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“Cities are not only dependent on nature, they also structure the growing chaos of our natural world” writes Ashley Dawson in the introduction to his publication Extreme Cities. According to Dawson, cities are the largest triggers of climate change, but they are also the spaces in which social change can occur. They are the territories whose scale allows for the testing of large-scale thinking, as well as exploring the potential of concrete impacts and tactics in mitigating the approaching "climate chaos".
The Anthropocene perspective, which places humankind in the immodest position of “lords” of the planet, also crushes us, and engenders in us feelings of helplessness in the face of the irreversibility of climate catastrophe and social inequality. However, our existing knowledge clearly suggests that the complexity of life on Earth has no hierarchy, being instead a network of interconnections, each of which represents mutual relationships. We should begin to think beyond the Anthropocene; to approach the world, life on the planet and society holistically. We need to enter into “life among the species”, as Rossi Braidotti defined it, and from this perspective search for an escape from the paralysis of dystopian visions of the future and imagine a new post-humanistic morality.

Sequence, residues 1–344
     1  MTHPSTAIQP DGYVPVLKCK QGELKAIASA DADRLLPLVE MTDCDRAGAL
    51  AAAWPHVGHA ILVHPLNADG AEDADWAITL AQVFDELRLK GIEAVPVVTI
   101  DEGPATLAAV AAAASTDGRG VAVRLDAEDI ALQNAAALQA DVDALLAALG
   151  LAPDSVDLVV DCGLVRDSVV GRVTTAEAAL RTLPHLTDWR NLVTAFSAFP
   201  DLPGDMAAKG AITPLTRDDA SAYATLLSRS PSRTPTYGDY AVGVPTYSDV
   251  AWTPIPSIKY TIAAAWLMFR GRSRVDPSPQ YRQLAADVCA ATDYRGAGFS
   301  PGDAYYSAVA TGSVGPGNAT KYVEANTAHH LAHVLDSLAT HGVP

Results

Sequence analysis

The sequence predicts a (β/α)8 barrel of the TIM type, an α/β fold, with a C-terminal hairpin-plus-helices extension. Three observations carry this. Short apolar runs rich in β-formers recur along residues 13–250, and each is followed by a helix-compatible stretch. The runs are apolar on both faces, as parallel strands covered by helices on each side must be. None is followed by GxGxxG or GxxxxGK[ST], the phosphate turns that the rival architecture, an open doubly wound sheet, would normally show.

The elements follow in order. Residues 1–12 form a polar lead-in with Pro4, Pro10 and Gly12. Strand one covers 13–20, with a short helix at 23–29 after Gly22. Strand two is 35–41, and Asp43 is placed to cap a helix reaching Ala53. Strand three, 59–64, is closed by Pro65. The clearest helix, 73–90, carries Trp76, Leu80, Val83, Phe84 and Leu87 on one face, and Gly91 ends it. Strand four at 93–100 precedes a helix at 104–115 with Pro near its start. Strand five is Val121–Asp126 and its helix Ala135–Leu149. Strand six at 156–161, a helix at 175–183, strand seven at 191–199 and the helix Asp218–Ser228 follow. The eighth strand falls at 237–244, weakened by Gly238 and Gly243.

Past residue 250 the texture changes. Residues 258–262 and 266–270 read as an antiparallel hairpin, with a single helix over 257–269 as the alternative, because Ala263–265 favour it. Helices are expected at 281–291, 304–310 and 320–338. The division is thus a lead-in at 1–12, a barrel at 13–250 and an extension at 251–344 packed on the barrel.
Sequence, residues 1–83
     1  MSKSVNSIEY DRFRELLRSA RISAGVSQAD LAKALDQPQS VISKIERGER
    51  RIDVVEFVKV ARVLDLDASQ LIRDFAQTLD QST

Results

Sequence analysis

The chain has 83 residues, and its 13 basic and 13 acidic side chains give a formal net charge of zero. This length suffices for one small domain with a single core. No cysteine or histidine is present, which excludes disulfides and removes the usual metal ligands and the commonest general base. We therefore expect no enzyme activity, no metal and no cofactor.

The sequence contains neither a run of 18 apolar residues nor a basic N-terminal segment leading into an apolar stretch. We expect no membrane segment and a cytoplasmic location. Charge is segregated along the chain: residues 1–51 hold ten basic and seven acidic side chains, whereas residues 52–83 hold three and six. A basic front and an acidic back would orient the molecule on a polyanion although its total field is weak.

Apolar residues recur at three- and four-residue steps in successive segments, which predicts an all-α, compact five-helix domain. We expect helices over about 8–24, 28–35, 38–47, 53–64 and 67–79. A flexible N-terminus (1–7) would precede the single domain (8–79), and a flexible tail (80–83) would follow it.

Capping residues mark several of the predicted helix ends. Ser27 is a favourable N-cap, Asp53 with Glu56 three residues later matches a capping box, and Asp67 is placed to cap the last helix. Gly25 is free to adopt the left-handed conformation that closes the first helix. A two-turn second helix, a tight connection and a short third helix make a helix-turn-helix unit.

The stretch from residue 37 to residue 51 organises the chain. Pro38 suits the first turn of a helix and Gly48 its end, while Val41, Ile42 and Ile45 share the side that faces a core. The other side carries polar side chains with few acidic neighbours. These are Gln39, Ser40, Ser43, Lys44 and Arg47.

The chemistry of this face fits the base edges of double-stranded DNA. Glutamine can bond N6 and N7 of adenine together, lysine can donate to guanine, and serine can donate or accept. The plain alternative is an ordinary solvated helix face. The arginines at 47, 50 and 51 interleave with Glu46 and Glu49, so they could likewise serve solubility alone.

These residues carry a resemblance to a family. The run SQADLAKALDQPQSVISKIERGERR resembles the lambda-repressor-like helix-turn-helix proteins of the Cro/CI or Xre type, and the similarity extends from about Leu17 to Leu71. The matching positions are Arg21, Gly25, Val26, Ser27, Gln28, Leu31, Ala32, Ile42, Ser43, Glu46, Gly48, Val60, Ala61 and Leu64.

The Urban Imagination Seminar is an interdisciplinary educational program initiated by tranzit.sk, in collaboration with the Department of Architecture of the Institute of History, Slovak Academy of Sciences. Its ambition is to bring together professionals and students from the fields of art, architecture, science and technology, as well as social activists, and to educate each other in non-hierarchical ways. During the seminars they study and discuss strategies for combating dystopian trends, and deliberate over possible visions for a sustainable and just future for cities for everyone (and not only humans!) .


The intent of the first year is to map and consider the specific part of Bratislava, Lido territory, as a case study of planned urban transformation which allows deliberations on the right to the city from the perspective of various social groups and non-human ecosystems.  In an effort to confront the commodification of public urban spaces, they could become valuable allies.
Lido is the land on the right bank of the Danube.  The Soví les (Owl Forest) protected area of alluvial ecosystems is situated here. In the course of the 20th century this territory served as a zone of accessible urban recreation, sports activities and relaxation.  Surprisingly, it has maintained its non-commercial nature and thus remains a place for low-cost and low-threshold urban recreation as well as vague terrain which provides shelter to many plants and animals, as well as the socially disadvantaged city populace. The current efforts of developers emphasize the creation of public spaces, but according to their perceptions as private investors.  For example, the general public is not referred to as citizens, but customers (of cafes, tourist attractions, etc.). The Urban Imagination Seminar strives to focus on what this urban development narrative displaces, conceals or cannot see. “You cross a bridge: a parking lot on one side, nothing on the other side.” This comment was posted on the developer’s website. By initiating cooperation among local parties and artists, architects, experts from various areas, we want to map this “nothing” – a fragile ecosystem endangered by a developer’s transformation (social, urban, environmental) and to point out its significance for the city.